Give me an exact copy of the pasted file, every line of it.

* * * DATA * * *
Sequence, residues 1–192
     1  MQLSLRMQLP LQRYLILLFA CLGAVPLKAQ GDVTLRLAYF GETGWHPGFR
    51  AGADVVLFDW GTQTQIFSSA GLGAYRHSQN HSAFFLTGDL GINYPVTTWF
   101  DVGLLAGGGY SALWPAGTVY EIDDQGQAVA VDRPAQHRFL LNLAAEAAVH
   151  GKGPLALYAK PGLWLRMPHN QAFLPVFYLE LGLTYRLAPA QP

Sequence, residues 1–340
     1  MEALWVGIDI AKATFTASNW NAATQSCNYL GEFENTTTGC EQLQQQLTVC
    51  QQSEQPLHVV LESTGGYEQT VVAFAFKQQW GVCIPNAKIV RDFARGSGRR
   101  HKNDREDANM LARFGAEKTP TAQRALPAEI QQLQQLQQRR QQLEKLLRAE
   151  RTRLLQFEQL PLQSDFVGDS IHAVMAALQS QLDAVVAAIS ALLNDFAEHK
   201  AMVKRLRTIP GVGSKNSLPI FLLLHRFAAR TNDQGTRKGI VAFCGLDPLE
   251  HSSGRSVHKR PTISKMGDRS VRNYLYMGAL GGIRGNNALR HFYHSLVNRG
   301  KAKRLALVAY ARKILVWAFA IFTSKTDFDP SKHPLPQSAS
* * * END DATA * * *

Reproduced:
Sequence, residues 1–192
     1  MQLSLRMQLP LQRYLILLFA CLGAVPLKAQ GDVTLRLAYF GETGWHPGFR
    51  AGADVVLFDW GTQTQIFSSA GLGAYRHSQN HSAFFLTGDL GINYPVTTWF
   101  DVGLLAGGGY SALWPAGTVY EIDDQGQAVA VDRPAQHRFL LNLAAEAAVH
   151  GKGPLALYAK PGLWLRMPHN QAFLPVFYLE LGLTYRLAPA QP

Sequence, residues 1–340
     1  MEALWVGIDI AKATFTASNW NAATQSCNYL GEFENTTTGC EQLQQQLTVC
    51  QQSEQPLHVV LESTGGYEQT VVAFAFKQQW GVCIPNAKIV RDFARGSGRR
   101  HKNDREDANM LARFGAEKTP TAQRALPAEI QQLQQLQQRR QQLEKLLRAE
   151  RTRLLQFEQL PLQSDFVGDS IHAVMAALQS QLDAVVAAIS ALLNDFAEHK
   201  AMVKRLRTIP GVGSKNSLPI FLLLHRFAAR TNDQGTRKGI VAFCGLDPLE
   251  HSSGRSVHKR PTISKMGDRS VRNYLYMGAL GGIRGNNALR HFYHSLVNRG
   301  KAKRLALVAY ARKILVWAFA IFTSKTDFDP SKHPLPQSAS